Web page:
It’s complicated, but it basically works like this: once a computer system is infected, Hammertoss reaches out once a day to a preset list of Twitter accounts – an action that ordinarily would raise zero alarm for network administrators, given Twitter’s ubiquitous use.

Most days there was nothing to be found, and Hammertoss would go to sleep and repeat the cycle 24 hours later. But now and then, when those who created the bug wanted to turn it on, they would put a link on the Twitter accounts that would secretly trigger Hammertoss into action.

“The link was to a URL on GitHub – a popular site for developers – and then Hammertoss would download the contents of that page, including the image file,” said Weedon. Again, nothing that would raise security concerns.

However, Weedon said, hidden inside the image is steganographically encrypted code that Hammertoss decrypts, using clues found in the associated Twitter hashtag. And that code – wrapped in layers of steganography and obfuscation – triggers its attack on the infected system.

Like Weedon said: complicated. And, she added, likely the work of a national government.

“It requires talent to create this tool, and not everybody has the technical expertise, resources, time,” Weedon told VOA. “This is not something your average cybercriminal could create. This is something created by what we think is a state-sponsored group that can throw a lot of resources to create tools that work.”

FireEye researchers said that state-sponsored group, known as APT29, has previously been tied back to high levels in the Russian government – a charge Moscow denies.

Hackers up their game

Depending on the encoding techniques, finding data hidden using steganography can be very difficult to detect, even if security professionals know that the cover media has been compromised – and that’s a very big if.

“Steganography and its investigation through steganalysis is a cat-and-mouse game of code makers and codebreakers similar to the research areas of cryptology,” said Johnson, the president of the cybersecurity firm.

“The objective of steganography is to remain hidden. Any organization or group intending to keep secrets safe or cover their tracks will use whatever technology is available to them to meet their objectives. Thousands of steganography tools are available for just about every operating system and platform,” he told VOA.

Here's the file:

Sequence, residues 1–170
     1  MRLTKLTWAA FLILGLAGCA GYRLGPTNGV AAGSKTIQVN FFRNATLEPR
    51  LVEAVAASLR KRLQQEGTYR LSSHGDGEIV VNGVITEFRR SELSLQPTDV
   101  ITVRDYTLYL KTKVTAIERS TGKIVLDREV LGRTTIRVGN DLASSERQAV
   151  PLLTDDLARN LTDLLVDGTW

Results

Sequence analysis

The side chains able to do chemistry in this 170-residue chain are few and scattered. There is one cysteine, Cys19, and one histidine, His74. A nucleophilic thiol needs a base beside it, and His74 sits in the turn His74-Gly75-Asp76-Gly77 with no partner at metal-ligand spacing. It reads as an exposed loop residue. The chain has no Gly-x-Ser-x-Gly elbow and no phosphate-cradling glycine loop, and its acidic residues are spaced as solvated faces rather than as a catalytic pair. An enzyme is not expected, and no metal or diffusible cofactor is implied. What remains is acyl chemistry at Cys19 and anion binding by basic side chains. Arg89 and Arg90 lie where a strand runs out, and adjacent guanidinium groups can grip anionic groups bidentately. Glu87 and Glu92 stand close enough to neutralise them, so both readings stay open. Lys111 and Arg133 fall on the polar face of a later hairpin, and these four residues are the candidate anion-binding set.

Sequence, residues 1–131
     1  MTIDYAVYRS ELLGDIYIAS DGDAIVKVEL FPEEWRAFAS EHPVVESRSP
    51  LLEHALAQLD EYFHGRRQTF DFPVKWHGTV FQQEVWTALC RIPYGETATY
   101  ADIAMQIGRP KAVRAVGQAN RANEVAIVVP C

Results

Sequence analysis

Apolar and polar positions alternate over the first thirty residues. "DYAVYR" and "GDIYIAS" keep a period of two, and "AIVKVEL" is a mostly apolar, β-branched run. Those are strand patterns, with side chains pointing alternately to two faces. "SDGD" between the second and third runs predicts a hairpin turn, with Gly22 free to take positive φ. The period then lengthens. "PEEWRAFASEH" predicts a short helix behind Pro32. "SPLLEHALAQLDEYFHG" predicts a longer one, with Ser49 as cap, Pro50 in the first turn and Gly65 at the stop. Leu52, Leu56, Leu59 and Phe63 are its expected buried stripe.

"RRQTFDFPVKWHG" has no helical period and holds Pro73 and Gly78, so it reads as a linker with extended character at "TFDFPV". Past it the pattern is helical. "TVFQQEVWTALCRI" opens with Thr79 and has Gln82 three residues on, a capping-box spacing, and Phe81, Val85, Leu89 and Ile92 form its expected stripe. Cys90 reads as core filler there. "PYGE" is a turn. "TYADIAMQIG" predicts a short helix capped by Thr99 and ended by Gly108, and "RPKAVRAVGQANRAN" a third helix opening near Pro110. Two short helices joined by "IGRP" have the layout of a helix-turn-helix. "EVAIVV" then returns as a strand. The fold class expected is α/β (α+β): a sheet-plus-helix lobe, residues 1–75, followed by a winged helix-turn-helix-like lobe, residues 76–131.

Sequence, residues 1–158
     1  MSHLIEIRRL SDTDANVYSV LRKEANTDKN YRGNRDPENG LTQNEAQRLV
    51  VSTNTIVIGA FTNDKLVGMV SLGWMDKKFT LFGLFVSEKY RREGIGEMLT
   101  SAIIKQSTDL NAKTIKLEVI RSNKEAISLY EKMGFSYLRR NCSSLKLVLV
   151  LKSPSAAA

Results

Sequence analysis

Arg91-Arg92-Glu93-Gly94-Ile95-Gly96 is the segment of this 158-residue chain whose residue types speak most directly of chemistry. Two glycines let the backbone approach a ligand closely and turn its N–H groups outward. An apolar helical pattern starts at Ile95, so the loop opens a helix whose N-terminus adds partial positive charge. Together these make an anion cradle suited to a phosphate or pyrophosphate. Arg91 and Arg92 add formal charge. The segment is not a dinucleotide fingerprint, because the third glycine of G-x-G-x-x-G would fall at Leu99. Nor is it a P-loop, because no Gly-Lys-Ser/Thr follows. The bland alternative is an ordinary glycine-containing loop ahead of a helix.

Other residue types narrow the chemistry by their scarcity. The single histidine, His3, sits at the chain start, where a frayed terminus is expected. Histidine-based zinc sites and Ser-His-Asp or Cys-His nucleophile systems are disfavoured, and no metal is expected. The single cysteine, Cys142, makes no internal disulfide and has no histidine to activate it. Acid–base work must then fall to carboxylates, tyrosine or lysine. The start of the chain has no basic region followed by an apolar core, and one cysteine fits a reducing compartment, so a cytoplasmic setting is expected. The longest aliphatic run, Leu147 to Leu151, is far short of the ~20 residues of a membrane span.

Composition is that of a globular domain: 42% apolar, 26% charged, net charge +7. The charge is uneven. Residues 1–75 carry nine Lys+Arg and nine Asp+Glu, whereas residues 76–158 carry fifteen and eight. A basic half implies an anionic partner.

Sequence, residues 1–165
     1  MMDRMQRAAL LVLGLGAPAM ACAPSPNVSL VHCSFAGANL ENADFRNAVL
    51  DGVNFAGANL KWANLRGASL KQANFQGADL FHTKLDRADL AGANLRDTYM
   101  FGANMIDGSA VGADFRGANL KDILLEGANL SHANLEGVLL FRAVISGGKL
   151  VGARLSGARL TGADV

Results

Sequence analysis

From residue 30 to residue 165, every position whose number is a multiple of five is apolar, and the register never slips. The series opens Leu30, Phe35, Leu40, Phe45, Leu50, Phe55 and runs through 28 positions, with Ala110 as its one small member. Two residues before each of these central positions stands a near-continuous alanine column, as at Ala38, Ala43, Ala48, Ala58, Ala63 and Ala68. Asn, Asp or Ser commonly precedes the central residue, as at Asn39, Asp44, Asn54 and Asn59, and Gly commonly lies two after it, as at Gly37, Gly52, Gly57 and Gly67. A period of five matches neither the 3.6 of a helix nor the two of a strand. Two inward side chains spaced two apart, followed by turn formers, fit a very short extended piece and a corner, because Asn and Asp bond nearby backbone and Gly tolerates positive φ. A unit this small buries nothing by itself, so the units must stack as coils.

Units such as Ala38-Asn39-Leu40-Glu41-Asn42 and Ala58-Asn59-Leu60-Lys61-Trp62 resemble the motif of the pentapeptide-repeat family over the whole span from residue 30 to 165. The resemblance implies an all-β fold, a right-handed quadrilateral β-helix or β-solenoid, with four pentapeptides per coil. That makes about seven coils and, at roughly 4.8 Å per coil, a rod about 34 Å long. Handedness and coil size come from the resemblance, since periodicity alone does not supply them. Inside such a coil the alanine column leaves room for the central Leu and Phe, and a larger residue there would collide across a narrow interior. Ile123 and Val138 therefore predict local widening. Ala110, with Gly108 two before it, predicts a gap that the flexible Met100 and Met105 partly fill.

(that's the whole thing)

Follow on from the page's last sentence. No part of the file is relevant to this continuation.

The take-away for Weedon, FireEye's threat intelligence manager, is that Hammertoss' use of steganography illustrates the lengths that threat actors and bad guys are willing to go to get the job done.

“We’re seeing actors get much more creative in terms of leveraging techniques that hide their behavior,” she said. “Whether that’s steganography, whether that’s using legitimate websites for command and control, they’re adopting all of these techniques to up their game because on the defensive side, we’ve gotten better.”

Which, perhaps, leaves cybersecurity professionals with a frustrating paradox: the better they get at detecting and combating malware, the more they force the bad guys to get better as well.

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    Doug Bernard

    Doug Bernard covers cyber-issues for VOA, focusing on Internet privacy, security and censorship circumvention. Previously he edited VOA’s “Digital Frontiers” blog, produced the “Daily Download” webcast and hosted “Talk to America”, for which he won the International Presenter of the Year award from the Association for International Broadcasting. He began his career at Michigan Public Radio, and has contributed to "The New York Times," the "Christian Science Monitor," SPIN and NPR, among others. You can follow him @dfrontiers.